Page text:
Batu Gong (Music Rock)

Years ago I was told by a friend about the amazing Batu Gong (Music Rock) in Kampung Solibog (Solibog Village) of Tambunan. In Malay language, Batu means Rock and Gong is an idiophones musical instrument. Gong (photo below) is made of galvanized iron sheets and a backbone traditional music instrument for indigenous tribes of Sabah. In fact, gong is also commonly found in South East Asia countries such as the Philippines, Indonesia and Brunei.

Our people play gong in important social events such as wedding, festivals and celebrations. Usually gongs in various sizes were beaten by a group of players, in different rhythm to produce a harmonious orchestra. If you hit Batu Gong, it also produces sounds resemble to gong.

To see Batu Gong, I drove 1.5 hours to Tambunan town, which is about 81 KM away from Kota Kinabalu. I asked the Tambunan people how to get there. Though most of them know about Batu Gong, they don’t know the exact location. They only gave me a vague direction and advised me to ask the villagers when I passed by a golf course.

Going from the main road of Tambunan to the direction of Keningau town for about 7 KM, you will see a golf course named TNGC (Tambunan Golf & Country Club) at the left of the road within 10 minutes. Then turn left to a junction just before the milestone labeled “Keningau 43” (see photo above).

At this junction, you will also see the street sign “JLN. BATU GONG” (Batu Gong Road) with a signpost that reads “Golf View Villa” behind (see photo above). Just follow the small road.

After a while, I reached a T junction. I turned to right and it is a correct way. The GPS location of Batu Gong is 5.623135, 116.339694 (see Location Map or Street View)

Minutes later I came to the road with river at the right. I drove slowly and saw a white sign “Batu Gong” behind a gate at my left.

Location of Batu Gong

Pretty sure that I found the place. I parked my car and walked to the gate. I was a bit surprised that Batu Gong is inside a private housing area.

Though a bit hesitated, I opened the gate to enter. Then I saw a hut with a sign “Selamat Datang Ke Batu Gong” (Welcome to Batu Gong). Since it says Welcome, I guess it’s ok to go in.

Here it is! They store Batu Gong inside a simple hut built with zinc roof, brick wall and iron fence.

Looking into the hut, I was happy to see Batu Gong inside.

However, this place is a private property, probably I should ask for owner’s approval to enter. I walked to a house nearby. I met the owner, Uncle Yaman, and introduced myself.

Uncle Yaman is very friendly and more than happy to show me his Batu Gong. The Batu Gong are a few boulders that look like natural ordinary rocks. Judging by their look, I can’t spot anything unusual. The discovery of Batu Gong is also by accident.

According to Yaman, there was a straightening project of Pegalan River in front of his house in year 1995. A few boulders were dug out from the river and placed at the river bank. Nobody bothered about those rocks.



Some village kids like to bathe in this river. Then one day, the adults found that the kids playing with the boulder by hitting it with stone, to produce Gong-like sound. They were so amazed by these magic rocks, so they relocated them to his house for everyone to see.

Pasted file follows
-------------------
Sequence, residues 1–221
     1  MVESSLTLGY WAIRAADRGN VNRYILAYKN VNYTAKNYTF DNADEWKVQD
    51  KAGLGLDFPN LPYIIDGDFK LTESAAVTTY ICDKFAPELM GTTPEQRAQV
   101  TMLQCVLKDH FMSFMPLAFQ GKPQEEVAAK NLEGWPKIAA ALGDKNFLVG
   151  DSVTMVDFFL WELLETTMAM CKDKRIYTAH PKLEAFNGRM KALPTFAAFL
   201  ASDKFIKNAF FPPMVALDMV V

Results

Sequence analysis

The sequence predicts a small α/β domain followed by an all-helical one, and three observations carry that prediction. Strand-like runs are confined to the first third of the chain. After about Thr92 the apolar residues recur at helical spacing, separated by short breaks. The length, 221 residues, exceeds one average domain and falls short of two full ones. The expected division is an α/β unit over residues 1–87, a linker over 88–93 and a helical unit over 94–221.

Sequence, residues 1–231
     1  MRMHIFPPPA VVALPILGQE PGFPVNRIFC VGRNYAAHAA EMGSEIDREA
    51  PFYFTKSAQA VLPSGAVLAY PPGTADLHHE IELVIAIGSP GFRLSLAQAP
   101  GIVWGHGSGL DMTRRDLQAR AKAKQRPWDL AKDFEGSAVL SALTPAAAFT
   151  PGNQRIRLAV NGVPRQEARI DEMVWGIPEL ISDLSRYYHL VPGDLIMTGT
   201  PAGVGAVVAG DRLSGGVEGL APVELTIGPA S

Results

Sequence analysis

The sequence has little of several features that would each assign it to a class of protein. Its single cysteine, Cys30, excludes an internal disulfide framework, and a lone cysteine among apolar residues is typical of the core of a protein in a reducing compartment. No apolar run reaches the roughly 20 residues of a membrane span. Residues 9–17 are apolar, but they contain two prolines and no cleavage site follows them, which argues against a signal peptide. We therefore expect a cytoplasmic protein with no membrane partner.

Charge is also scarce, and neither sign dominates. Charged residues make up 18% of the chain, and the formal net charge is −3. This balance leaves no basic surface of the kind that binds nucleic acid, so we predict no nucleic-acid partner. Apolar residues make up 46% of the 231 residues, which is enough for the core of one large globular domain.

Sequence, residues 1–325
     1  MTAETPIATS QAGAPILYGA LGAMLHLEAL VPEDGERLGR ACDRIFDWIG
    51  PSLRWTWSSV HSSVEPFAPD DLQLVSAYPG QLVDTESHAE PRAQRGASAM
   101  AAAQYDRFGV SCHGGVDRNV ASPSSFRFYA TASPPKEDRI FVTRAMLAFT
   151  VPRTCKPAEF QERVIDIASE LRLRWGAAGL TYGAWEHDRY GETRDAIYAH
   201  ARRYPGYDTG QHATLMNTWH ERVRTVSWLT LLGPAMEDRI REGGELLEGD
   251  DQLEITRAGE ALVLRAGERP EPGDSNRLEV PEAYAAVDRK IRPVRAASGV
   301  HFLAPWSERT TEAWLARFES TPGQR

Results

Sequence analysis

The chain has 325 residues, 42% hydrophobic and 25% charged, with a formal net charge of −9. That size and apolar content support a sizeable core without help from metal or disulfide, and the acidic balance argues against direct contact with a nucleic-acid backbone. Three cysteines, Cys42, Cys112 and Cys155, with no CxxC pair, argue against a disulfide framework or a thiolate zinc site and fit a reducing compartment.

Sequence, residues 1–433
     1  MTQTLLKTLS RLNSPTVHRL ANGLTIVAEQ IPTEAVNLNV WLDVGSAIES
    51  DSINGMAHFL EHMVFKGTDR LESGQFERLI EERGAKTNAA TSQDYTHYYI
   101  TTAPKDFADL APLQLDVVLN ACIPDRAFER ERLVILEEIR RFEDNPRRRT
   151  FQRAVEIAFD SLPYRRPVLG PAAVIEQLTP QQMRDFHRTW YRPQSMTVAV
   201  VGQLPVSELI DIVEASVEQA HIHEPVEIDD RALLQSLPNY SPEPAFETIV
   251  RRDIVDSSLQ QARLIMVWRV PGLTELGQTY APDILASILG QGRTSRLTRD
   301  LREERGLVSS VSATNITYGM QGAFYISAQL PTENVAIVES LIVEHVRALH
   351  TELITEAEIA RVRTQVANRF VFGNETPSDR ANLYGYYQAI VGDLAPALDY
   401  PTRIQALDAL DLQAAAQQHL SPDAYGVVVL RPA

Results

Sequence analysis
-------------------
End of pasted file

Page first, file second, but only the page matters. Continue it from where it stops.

Above: a closer look of the rock. Can you see anything special? Yaman said a Japanese scientist came here before to check out Batu Gong. This scientist believes Batu Gong has high level of iron, thereby giving it a metal property.


Above: so heavy, 3 men also can’t lift it.

There was someone offered to buy Batu Gong, but the villagers refused, as Batu Gong is such a unique and priceless natural wonder. See 8 small stones on Batu Gong? Batu Gong can produce 8 different tones. Each stone places on the spot that has a unique tone (but a few tones sound the same to me).

Traveling nearly 100 KM to see Batu Gong, I already couldn’t wait to beat it hard.

Wow, I can’t believe it. When being hit, Batu Gong sounds like gong (but not very much). Its sounds are crisp and high-pitched. Just imagine you hit the iron bar with a small hammer. My sense of rhythm is poor, anyway, I had so much fun hitting different spots to hear different tones. You can watch the video below to see what I mean. Near the end of video, I also include the sound and music of real gong for you to compare.

I always wanted to see Batu Gong years ago. I only did it after I got my compact camera with HD movie recording function, because I could not show the sounds with photos.

Above: the river where Batu Gong was found. This river is just in front the house of Uncle Yaman. 15 years ago, a project changed the course of this river to free up some land, which included the current housing area of Uncle Yaman. During rainy season, this overflow river still can flood the road next to it, in case you wonder why Yaman built his house so far away from the gate.

Ticket Fees (written in Malay): Adult (18 and above): RM4.00 (≈US$1), Kid (below 18): RM2.00 (≈US$0.50). Note: rates as of May 2016


Above: to show some appreciation, you can put money in this rusted tin. Of course you can give more.

There is a notice in the hut (no longer there, as of May 2016). I didn’t pay much attention to it until I opened the photos later at home. These are “visiting rules” written in Malay language. The first one says “No Smoking”, which is understandable as the holes on Batu Gong look like convenient ash tray. The second rule is odd, it says “Woman in pregnancy and menstruation are prohibited to enter”. Probably Batu Gong is considered as a sacred rock with spirit resides in it?

Just an extra info, music rocks like Batu Gong are also found in Kg. Baginda of Keningau, but I haven’t seen it yet.

Photos taken in Tambunan, Sabah, Malaysia Borneo

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